There are plenty of high content sites out there with general answers to questions. However, general answers don’t provide value to someone searching a more in-depth question. If you can answer a complex question for searchers, you’re gaining a lead from someone in a pretty complex situation. Complex situations are often born out of complex projects, and who doesn’t love helping someone complete a complex project?
4. We Write Blog Posts to Save Time
Every other week we ask our sales team, “What questions are you being asked during your sales calls?” We then write blog posts that answer these common questions. Instead of taking the time to explain business continuity options, we can email a blog post and then follow up in a few days. If we have a meeting with an entire team and one person is about to derail the meeting with questions about next year’s budget, we can provide a blog post that they can check out later.
We also use blog posts when we onboard new customers. New web design customers get emails about WordPress. New telecom or office phone customers get some links about how to use their office phones. We put all of our web design clients on Google Analytics, and the setup would take us about 30 minutes with each customer. Instead, we send them a blog post that we wrote to walk them through the process and they can do it on their own time. We aren’t on the clock or on the phone, so it saves everyone time and money.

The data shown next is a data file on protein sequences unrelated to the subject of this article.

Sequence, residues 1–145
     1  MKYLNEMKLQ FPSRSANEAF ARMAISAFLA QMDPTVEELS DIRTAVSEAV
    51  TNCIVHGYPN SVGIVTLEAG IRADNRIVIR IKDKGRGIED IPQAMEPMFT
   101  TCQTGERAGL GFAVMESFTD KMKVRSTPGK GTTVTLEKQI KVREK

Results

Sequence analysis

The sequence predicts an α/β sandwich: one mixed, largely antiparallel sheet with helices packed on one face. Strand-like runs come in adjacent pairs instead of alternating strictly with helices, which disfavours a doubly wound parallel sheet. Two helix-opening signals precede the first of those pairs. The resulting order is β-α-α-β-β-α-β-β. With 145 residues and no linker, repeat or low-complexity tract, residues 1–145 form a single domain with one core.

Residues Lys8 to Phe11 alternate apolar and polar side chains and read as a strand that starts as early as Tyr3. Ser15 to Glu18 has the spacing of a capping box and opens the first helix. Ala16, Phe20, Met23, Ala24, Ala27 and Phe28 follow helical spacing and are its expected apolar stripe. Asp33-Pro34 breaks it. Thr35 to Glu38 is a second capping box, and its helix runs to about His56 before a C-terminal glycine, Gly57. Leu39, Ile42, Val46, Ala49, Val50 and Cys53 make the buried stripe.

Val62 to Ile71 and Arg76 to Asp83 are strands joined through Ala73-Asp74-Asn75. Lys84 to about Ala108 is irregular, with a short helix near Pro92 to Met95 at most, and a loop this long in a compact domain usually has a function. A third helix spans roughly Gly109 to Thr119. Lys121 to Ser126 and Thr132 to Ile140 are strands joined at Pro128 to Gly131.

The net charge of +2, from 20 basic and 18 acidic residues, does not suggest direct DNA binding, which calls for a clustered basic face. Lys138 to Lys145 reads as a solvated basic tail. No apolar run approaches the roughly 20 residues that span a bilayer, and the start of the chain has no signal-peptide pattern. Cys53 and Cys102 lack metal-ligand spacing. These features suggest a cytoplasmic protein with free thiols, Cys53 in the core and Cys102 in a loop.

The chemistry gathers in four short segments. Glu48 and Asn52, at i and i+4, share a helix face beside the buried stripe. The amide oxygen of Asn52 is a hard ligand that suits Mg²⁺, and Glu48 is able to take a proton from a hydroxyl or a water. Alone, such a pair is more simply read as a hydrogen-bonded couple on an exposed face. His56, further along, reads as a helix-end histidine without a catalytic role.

5. Our Blog is Like a Trophy Case for Our Business
When you have a blog on your website, you have a place to tell the world about projects you’ve completed, awards you have won, and the clients you are the proudest of. While most job-seekers do this on LinkedIn all of the time, you can write a blog post about a project you completed and then share it multiple times in different ways on social media. Share it as a link on LinkedIn, and then a few weeks later re-publish it as a LinkedIn Post. Making that a weekly or at least monthly practice will help keep your website fresh in the eyes of search engines and give you regular content to feed to LinkedIn and your Facebook Busines page.
When we write up a case study about something we have done, we gather input from our client to feature in the article. That not only helps us learn what our clients really appreciate about our work, but it opens up a conversation to help us become better web designers. If we thought the drop-down menu was the coolest thing about a site but the client says their favorite part was the complex feedback form, we learn and become better at serving future customers.
Get the Blog Going on Your Website
Rick Culiver, our Director of Business Development, often says,
“If your website isn’t bringing you at least one lead a month, you are wasting your hosting cost. You are wasting money.”
These five ways that a blog helped us bring in more business are not technology-specific. They would scale across a lot of small business and even medium-sized companies. When considering the strategy of how your website fits into the growth of your company, make sure you have a blog in the plan. You might have 15,000 visitors a month thanking you.